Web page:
CHP is not new, Scandinavia has installations dating back to the 1960’s and in the UK Sheffield’s CHP system went live in 1987 and Nottingham’s in 1989. The recent renewal in interest is because CHP solves two of the country’s problems: 1) it reduces energy use and along with it carbon emissions and 2) it reduces demand on the existing power supply grid.
It is when CHP is extended to Tri-Generation that it becomes of interest to the data centre community because data centres have a steady demand for power and a continuous need for cooling. Thus, by generating power on site, the waste heat can cool the data centre. If there is also a need for heating in the locality, for example for offices, shops or homes nearby, the scheme really starts to gel, using up to 80% of total energy from the fuel as compared to around 30% in conventional power stations. A further benefit is that not only is the power generation more efficient but the power demand is reduced because no electrical power is required for the chillers, these being power by the waste heat. It is somewhat counter-intuitive to understand how heat can be used to cool but the technology of absorption refrigeration goes back to the earliest refrigeration systems and will be familiar to many owners of boats or caravans where gas fired fridges are still commonplace.
CHP and tri-generators are generally powered by natural gas but could easily use bio-gas making the facility even more environmentally friendly and sustainable.
Another reason for looking at tri-generation is if you have a site for a new data centre, or an existing data centre requiring expansion, and have insufficient power available. By generating your own power on site you avoid the necessity of bringing in additional power from the grid. The cost saving will help off-set the cost of the tri-generation system further improving the ROI.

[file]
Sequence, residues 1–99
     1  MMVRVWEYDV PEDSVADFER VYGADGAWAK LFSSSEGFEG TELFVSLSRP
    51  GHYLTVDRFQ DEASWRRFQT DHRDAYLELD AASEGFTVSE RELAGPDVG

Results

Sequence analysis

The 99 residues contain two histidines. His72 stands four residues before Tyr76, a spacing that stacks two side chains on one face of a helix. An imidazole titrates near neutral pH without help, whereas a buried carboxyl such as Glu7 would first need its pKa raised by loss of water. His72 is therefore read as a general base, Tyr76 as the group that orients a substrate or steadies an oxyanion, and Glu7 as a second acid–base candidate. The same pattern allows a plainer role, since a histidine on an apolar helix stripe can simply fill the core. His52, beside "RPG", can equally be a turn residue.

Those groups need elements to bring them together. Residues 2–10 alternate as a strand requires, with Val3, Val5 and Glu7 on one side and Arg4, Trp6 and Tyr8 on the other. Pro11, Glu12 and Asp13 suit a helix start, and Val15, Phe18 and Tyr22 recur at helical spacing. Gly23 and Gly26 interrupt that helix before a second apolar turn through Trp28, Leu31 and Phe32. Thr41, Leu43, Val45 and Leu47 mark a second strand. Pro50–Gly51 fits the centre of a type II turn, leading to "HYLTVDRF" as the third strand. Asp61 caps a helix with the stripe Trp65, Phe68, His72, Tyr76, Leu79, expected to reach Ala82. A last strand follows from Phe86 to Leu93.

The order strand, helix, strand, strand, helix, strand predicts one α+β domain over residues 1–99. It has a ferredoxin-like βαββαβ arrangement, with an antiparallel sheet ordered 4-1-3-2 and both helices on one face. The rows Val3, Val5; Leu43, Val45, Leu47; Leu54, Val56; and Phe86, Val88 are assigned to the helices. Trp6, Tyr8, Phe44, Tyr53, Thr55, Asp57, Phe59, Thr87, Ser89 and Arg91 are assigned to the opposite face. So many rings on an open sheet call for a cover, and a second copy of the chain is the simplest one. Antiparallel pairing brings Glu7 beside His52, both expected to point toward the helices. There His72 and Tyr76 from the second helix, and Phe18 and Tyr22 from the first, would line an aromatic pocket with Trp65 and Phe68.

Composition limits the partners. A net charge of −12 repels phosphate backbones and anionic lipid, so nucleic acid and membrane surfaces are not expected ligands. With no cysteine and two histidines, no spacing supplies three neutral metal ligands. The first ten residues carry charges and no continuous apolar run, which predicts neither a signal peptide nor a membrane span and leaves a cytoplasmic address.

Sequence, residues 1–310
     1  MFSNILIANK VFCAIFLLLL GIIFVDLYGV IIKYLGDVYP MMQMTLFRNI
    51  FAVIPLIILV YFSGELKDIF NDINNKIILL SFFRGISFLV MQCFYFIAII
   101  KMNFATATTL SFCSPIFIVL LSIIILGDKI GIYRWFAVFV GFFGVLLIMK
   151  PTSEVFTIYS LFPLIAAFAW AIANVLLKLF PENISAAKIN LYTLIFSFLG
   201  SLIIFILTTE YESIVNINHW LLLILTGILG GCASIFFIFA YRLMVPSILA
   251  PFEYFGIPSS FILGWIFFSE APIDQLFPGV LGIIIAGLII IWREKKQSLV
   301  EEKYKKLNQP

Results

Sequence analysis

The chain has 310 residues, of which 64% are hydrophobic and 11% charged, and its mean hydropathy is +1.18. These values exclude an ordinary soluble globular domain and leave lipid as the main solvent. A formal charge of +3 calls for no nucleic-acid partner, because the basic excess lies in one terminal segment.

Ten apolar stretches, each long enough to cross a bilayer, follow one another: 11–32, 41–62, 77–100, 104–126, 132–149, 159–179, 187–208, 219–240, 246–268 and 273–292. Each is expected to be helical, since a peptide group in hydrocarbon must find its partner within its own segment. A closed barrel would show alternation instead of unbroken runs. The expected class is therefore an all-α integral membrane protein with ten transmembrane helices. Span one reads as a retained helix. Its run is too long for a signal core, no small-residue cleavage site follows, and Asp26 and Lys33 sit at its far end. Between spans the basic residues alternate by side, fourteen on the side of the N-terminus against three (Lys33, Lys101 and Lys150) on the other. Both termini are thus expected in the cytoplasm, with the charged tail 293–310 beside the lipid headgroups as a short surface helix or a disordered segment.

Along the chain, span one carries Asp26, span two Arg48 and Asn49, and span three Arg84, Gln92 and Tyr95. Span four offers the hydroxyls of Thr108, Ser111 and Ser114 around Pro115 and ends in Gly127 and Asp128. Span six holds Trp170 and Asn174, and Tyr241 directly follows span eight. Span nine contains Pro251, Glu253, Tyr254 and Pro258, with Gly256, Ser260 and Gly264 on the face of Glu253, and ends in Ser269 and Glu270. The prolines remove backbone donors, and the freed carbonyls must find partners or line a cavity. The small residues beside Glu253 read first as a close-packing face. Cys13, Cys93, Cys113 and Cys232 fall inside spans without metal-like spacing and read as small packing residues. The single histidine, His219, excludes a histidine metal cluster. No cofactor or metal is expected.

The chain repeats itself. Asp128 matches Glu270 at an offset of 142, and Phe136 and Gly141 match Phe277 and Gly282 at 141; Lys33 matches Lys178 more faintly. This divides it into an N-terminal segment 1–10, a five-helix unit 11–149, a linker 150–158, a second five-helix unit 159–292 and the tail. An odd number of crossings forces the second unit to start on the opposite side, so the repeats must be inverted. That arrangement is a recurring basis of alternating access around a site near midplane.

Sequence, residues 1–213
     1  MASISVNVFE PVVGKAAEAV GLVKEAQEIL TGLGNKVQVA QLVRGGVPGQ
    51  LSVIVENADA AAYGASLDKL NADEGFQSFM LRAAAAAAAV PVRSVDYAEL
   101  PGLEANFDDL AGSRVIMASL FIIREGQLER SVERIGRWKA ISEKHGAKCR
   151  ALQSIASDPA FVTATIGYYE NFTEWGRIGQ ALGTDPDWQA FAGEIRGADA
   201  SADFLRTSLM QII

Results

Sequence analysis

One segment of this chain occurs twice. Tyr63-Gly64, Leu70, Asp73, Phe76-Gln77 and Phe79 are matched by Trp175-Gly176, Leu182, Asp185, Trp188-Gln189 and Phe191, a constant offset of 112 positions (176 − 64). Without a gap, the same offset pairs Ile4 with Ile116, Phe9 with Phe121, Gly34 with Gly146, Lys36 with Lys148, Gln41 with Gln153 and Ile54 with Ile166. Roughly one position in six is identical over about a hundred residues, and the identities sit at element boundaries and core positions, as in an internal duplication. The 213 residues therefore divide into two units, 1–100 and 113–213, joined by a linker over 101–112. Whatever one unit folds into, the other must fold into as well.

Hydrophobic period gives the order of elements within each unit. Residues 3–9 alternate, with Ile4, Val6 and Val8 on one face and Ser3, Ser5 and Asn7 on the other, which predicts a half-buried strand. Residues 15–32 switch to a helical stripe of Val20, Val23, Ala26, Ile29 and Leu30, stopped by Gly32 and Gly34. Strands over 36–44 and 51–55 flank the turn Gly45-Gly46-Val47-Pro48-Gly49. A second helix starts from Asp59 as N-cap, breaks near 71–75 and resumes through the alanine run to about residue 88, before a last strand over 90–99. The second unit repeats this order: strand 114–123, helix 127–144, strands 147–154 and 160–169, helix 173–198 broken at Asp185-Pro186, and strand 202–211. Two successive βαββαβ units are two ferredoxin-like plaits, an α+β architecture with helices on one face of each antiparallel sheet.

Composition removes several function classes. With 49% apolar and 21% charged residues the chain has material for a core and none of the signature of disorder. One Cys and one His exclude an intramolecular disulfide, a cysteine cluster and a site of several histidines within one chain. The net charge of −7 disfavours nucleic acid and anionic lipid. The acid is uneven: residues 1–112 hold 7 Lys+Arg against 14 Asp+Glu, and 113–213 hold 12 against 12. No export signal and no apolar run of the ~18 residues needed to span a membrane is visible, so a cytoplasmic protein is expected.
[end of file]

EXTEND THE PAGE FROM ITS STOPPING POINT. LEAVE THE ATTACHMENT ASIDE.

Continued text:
For data centre applications careful consideration does need to be given to the resilience of the system – naturally the generators and chillers will have redundancy but what provides the back-up if there is a failure in the gas supply? Options will include connection to mains power and/or diesel powered standby generators.
In spite of the clear benefits in energy savings and reduced carbon emissions this technology has yet to find many in the data centre world ready to take the plunge. This is beginning to change, with the National Australia Bank investing $6.5 million in a scheme at its Melbourne data centre which is expected to save $1 million p.a. in fuel costs.
Many CHP and tri-generation schemes are large with capacities of several megawatts but smaller generators are available and data centres with loads as small as 60kW can be accommodated.
If you have a data centre, whatever the size, and would like to discuss the benefits of tri-generation or any other aspect of data centre infrastructure, please contact James Wilman on 0845 9000 127 or contact us.